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Doc. 153.-the fight near Memphis, Mo.


Missouri Democrat account.

on the eighteenth of July, Major John Y. Clopper, in command of a detachment of Merrill's Horse, about three hundred strong, and a detachment of Major Rogers's battalion, Eleventh Missouri State militia, about one hundred strong, attacked and, after a very severe fight, entirely routed Porter and Dunn's combined bands of guerrillas, six hundred strong. At last accounts Major Clopper was still in swift march upon the forces of Porter, which had fled south, crossed the railroad and posted themselves for another fight in the vicinity of Florida, where they were doubtless attacked this morning by our forces, which crossed the road in pursuit of Porter yesterday.

The fight took place near Memphis, Mo., and was brought on by a small advanced guard being fired upon by the enemy, who were concealed in heavy brush and timber across the road, where they had halted and chosen the ground for their fight. They were immediately attacked by Major Clopper, and after a desperate conflict were completely driven from the field, leaving a large number of their dead and wounded on the ground.

The severity of the fight is well illustrated by the fact that five successive charges across the open ground, on the concealed enemy, were repulsed, and the sixth was successful, resulting in a hand-to-hand struggle, in which one man of Merrill's Horse was killed by a blow with a stock of a musket across the back of the neck, breaking his neck.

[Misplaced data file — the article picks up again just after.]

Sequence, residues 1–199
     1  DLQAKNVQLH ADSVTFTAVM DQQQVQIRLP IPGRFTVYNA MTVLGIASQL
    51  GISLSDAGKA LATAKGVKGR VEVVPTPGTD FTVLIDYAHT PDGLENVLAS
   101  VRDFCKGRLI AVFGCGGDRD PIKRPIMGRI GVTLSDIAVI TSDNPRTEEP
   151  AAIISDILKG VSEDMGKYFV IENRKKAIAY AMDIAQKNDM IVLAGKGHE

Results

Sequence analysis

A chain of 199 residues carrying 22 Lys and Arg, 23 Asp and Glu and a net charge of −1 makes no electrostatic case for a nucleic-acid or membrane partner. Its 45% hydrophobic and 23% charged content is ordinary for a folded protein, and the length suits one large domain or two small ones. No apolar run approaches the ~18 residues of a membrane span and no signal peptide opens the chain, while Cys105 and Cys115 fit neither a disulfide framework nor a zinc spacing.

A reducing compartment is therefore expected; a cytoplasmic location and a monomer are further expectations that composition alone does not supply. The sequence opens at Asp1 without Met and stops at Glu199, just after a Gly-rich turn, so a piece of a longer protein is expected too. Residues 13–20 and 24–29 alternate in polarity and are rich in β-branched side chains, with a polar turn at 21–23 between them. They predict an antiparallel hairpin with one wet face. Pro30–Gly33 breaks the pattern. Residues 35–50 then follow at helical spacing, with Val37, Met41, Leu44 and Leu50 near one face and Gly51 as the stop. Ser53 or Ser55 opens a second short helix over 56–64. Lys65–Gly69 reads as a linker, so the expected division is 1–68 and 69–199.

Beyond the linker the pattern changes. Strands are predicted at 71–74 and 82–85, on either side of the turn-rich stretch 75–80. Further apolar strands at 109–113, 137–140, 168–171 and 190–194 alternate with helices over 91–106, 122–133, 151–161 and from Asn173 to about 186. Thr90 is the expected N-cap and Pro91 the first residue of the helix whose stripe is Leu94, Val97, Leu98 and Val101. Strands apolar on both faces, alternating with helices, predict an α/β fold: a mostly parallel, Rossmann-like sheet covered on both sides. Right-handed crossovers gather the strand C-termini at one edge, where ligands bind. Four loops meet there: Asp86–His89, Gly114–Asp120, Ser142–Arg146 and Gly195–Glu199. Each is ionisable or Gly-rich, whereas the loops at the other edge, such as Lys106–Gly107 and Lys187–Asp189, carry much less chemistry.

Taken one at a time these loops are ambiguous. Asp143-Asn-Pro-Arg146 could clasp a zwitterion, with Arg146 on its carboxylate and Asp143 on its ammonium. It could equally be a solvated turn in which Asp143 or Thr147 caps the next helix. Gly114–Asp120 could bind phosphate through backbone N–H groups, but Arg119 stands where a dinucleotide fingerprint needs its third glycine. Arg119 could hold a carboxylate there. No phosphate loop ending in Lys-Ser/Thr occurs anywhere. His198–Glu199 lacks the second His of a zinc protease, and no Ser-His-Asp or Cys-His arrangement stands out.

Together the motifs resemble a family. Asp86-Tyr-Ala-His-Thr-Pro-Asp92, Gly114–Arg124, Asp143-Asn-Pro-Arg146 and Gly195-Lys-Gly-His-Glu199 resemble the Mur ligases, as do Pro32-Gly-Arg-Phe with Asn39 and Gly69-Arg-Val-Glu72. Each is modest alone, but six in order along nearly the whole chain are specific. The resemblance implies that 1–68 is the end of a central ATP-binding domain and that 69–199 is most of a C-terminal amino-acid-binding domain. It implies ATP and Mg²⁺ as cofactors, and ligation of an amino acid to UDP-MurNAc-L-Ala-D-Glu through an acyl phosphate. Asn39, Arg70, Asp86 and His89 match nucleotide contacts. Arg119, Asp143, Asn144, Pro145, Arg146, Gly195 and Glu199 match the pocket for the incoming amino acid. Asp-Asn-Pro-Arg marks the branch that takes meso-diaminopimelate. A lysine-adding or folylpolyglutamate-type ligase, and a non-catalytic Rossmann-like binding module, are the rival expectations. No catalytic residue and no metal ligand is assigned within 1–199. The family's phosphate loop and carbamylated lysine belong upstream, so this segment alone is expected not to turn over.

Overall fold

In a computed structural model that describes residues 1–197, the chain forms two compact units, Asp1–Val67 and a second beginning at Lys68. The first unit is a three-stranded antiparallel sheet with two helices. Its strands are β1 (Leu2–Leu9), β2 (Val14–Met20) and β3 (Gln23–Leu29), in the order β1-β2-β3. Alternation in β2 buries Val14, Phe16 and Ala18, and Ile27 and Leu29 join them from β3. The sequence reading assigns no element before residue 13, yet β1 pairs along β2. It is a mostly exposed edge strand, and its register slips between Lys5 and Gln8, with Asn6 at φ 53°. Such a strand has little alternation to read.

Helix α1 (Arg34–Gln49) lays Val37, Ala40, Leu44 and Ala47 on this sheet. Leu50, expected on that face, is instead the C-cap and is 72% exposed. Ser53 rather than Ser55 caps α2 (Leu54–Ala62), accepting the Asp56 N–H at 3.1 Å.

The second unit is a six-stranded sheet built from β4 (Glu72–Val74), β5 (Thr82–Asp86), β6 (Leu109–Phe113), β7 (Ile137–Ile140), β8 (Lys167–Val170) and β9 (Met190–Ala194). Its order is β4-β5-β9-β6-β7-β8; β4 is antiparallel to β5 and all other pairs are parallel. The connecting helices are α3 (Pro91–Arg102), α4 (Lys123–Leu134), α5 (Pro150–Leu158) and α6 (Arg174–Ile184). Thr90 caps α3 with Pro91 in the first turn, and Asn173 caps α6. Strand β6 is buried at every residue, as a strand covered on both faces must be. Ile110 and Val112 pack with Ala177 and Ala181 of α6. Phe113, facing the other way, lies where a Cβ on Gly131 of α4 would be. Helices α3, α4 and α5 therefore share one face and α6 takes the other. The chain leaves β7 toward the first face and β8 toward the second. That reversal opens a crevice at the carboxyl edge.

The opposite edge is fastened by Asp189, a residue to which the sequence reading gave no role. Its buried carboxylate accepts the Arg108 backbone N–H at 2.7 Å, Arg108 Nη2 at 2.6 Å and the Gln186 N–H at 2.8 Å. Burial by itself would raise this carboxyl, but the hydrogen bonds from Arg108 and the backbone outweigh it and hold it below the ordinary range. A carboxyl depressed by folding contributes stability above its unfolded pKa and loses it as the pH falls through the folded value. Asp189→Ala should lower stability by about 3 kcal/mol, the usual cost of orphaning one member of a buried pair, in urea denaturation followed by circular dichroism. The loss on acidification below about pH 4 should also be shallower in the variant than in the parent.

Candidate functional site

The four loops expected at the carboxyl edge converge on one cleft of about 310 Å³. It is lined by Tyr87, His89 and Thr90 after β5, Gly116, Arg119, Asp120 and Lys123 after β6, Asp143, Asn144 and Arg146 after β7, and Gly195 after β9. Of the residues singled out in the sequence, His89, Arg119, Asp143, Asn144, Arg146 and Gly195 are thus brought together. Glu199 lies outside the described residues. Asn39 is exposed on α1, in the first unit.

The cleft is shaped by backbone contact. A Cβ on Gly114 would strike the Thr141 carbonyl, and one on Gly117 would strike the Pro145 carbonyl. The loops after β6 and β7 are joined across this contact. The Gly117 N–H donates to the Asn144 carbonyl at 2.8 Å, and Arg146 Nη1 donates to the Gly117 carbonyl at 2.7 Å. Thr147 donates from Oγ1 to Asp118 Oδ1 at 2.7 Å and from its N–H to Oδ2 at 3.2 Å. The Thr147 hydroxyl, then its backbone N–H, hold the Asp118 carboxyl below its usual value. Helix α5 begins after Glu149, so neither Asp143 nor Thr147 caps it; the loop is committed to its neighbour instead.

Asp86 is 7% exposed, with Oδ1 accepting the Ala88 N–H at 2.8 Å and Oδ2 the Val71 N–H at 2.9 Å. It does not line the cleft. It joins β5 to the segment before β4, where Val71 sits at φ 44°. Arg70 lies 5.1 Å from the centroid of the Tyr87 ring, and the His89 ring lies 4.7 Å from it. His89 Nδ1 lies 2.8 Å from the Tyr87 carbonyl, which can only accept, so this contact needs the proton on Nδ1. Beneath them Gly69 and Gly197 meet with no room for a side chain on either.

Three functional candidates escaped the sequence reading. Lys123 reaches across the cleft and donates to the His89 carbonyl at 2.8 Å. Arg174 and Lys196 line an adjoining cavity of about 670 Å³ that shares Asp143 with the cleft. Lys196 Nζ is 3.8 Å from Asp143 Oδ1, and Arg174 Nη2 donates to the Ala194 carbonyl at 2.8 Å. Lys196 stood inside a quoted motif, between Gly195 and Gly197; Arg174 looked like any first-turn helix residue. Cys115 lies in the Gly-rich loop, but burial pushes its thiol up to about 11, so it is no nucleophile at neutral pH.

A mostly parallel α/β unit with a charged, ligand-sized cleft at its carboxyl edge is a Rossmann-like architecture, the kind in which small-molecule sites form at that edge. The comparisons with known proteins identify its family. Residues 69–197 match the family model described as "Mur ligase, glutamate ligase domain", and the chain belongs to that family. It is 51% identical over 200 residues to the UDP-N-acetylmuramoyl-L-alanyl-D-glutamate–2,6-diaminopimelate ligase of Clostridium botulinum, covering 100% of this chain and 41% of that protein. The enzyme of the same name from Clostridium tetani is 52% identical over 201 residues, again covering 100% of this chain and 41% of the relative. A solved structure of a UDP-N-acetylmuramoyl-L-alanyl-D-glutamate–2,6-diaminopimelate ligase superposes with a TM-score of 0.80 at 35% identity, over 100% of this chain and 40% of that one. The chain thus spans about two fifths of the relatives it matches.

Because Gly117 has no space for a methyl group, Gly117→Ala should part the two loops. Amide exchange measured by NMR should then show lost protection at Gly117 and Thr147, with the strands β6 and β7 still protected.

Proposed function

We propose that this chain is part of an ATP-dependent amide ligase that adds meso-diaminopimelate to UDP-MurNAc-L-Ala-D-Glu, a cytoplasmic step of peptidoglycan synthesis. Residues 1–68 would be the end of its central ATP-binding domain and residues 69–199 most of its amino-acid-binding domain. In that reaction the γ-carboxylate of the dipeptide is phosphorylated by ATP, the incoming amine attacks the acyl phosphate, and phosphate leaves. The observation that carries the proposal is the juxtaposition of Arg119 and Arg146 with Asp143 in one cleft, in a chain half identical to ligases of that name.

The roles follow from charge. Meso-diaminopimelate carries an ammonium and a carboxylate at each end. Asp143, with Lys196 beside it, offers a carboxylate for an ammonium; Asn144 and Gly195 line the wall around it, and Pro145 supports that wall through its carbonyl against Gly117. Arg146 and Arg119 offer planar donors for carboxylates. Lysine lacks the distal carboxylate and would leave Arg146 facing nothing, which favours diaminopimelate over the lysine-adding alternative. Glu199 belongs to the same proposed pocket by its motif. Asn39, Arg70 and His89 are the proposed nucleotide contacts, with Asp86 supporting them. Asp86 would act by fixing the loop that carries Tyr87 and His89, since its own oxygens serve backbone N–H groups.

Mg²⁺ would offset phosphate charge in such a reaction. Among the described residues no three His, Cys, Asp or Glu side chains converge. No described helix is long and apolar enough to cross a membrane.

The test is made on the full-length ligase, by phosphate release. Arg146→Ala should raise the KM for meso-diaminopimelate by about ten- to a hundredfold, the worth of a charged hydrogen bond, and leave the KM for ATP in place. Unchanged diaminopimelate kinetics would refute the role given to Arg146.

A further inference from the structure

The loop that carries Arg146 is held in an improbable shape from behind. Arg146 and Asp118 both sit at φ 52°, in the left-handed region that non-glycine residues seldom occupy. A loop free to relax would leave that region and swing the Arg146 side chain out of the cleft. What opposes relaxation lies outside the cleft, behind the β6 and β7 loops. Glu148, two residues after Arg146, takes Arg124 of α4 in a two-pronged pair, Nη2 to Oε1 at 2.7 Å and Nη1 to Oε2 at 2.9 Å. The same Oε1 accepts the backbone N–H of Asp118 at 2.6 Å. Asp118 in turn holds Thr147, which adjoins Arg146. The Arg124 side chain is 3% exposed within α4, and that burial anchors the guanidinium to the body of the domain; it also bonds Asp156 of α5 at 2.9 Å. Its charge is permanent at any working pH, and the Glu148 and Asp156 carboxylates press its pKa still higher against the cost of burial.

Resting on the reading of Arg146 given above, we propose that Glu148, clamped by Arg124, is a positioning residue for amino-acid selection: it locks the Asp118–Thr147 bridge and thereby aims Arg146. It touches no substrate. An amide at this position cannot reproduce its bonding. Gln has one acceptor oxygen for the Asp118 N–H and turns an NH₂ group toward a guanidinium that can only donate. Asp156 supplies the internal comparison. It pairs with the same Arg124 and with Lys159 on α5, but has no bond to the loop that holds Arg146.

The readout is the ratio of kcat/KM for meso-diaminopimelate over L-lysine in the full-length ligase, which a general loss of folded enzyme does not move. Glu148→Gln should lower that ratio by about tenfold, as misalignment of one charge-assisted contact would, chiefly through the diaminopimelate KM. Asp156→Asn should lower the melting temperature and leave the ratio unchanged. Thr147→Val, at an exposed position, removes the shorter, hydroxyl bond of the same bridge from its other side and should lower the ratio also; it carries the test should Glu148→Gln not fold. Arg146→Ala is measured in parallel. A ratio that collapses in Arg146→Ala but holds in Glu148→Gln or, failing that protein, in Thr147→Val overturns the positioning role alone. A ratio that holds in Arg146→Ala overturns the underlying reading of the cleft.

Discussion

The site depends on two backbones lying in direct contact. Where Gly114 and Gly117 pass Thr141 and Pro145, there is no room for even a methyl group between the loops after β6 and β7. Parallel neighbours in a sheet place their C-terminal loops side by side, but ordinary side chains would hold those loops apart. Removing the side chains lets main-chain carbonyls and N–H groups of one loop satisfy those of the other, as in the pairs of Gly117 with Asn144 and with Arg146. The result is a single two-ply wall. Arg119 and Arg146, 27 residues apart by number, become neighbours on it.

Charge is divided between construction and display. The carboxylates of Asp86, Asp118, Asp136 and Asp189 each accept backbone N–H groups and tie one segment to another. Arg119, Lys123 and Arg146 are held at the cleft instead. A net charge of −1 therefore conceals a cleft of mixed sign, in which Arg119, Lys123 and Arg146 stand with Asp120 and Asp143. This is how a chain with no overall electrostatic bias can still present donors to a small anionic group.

At the time the messenger left the ground all of our killed, wounded, and missing had been found, amounting to eighty-three, and twenty-three dead guerrillas had been discovered upon the field, yet the search among the thick brush for the dead and wounded of the enemy had just commenced.

In Major Clopper's hasty note, written on the field, and when just starting in pursuit, he says:

I cannot find terms adequate to express my admiration of the heroic manner in which my command stood the galling and destructive fire poured upon them by the concealed assassins. The enemy are badly whipped, and in a free fight, and I follow at once.

The enemy were well concealed in thick brush and timber, and I must do them the justice to say that they fought desperately. They will not meet me on other ground.

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